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My Smartphone Grips and Stands for Jewelry Photography


Taking photos of your jewelry designs have never been easier. That is largely to do with continually improving smartphone cameras. Computational photography where "digital image capture and processing techniques that use digital computation instead of optical processes" to improve the quality of photographs is what makes smartphone cameras so useful.

The vast majority of us now own smartphones. Why not use the camera you already have ?Many of us may never bother with purchasing dSLR cameras where the learning curve can be steep.


But you need a smartphone grip and stand in order to avoid blurry shots. There are many makes on the market today. I actually have two grips - the part which holds the smartphone.  The Davoice one on the right is still available and inexpensive.    One stays in my studio and the other is in my teaching kit as I sometimes take photos of student designs.


These grips are spring loaded - just pull the grip apart, place the smartphone and then release the grip. On one hand, the spring action makes it quick and easy to mount the smartphone. But I have occasionally found my smartphone "snapping" off when I loaded it awkwardly.

BTW It pays to have a good quality smartphone case.  I purchased a super strong aramid carbon fiber (used in bulletproof body armor) case from Mous which amused my hubby no end. He wondered why would a Canadian need a Kevlar-like phone case? That is because this Canadian is a klutz and has dropped her iPhone numerous times! My iPhone 6S is still going strong.  The company (I have no association with them except as a customer) is known for promotions involving extreme iphone case testing like this one which subjected phones to a 1200 ft drop from a helicopter!

Also shown above are the two types of small tripods I use.  They both have pros and cons. The mini tripod on the left  is inexpensive, light and portable. But what I like it best for is the extendable legs which gives me 3 different heights - useful if I were doing jewelry shoots using a head and shoulders only mannequin or doing a selfie with the camera on the table. I was less keen on the the flexible leg type like this one mainly because it took time to fiddle with the legs.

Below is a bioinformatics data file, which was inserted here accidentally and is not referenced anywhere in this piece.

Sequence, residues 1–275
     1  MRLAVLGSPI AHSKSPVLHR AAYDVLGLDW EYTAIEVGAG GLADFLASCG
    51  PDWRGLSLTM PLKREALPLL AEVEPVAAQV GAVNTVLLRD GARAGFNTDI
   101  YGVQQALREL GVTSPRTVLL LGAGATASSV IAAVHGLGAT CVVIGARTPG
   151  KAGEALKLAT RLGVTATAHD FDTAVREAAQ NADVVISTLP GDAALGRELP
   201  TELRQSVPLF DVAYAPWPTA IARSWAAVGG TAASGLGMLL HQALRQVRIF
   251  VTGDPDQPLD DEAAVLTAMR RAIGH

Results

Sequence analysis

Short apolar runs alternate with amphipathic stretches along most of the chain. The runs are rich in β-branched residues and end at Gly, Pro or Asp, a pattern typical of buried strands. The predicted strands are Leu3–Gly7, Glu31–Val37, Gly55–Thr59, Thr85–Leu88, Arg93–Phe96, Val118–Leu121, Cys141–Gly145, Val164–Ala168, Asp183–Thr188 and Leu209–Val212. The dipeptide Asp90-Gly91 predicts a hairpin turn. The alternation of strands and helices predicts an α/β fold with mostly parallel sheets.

But I recently had to purchase a new grip. I have often told students that there aren't any mistakes they make which I haven't already done myself. Here is a new one.  What are the chances of a drop of resin landing on my grip just so it would no longer open up? Sigh.


So I bought a new one which isn't spring mounted - the Vastar universal smartphone grip. I picked it because it can fit a larger phone which I plan to upgrade to. Like many grips, it will hold the phone in the horizontal or vertical position. It is larger than my old grip.

Attachment is secured with a screw action.

It works very well when I shoot straight ahead as for many of my tutorial situations. But as it is so tall, when I tilted it to take a near overhead shot, it tended to fall over. I could steady it with one hand but that defeated the purpose of having a stand!


I finally got round the problem by using the flexible leg stand - I turned all the legs forward which counteracted the forward weight of the grip and phone.

And here is the sample image of one of my past designs - arrow earrings using Tierracast findings! Once I had a stable tripod and grip, it took just a few minutes to take the photo and edit it.
These are just a few examples of the vast number of available grips and stands available in the market today.  Many are very affordable. You do need to pick one that will fit larger phones if that is what you've got.

I prefer small tripods as get the smartphone closer to small jewelry items than if you mount the grip on a full size tripod. You will have to move the latter as close as possible to your photography area. I personally find it more comfortable to be able to sit close to the photo studio when smaller stands are in use.


Photography
I used my iPhone 6S with the Camera+  app. I used the Orangemonkie studio which comes equipped with LED lights - for artificial light photography in my windowless basement studio. The Foldio2 is particularly affordable. I use the Foldio3 with the extra light bar because I need the room for tutorial photography.  Check out my How to Photograph Jewelry Webinar  - sign up for the notification so I can let you know when my online class is ready.

Before You Go:

Disclosure
This blog may contain affiliate links. I do receive a small fee for any products purchased through affiliate links. This goes towards the support of this blog and to provide resource information to readers. The opinions expressed are solely my own. They would be the same whether or not I receive any compensation.
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Original Post by THE BEADING GEM
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3 comments:

  1. "I have often told students that there aren't any mistakes they make which I haven't already done myself. " Were you in one of my classes too. I say that all the time. It is so true. I hate to admit some of them. Bev

    ReplyDelete
    Replies
    1. I have no problem admitting many of my foolish ones! It reassures beginners that all of us can make silly mistakes. So they should take heart from that!

      Delete
  2. Thanks for all the great tips on mobile photography. I have found that a selfie stick works as a great grip too

    ReplyDelete

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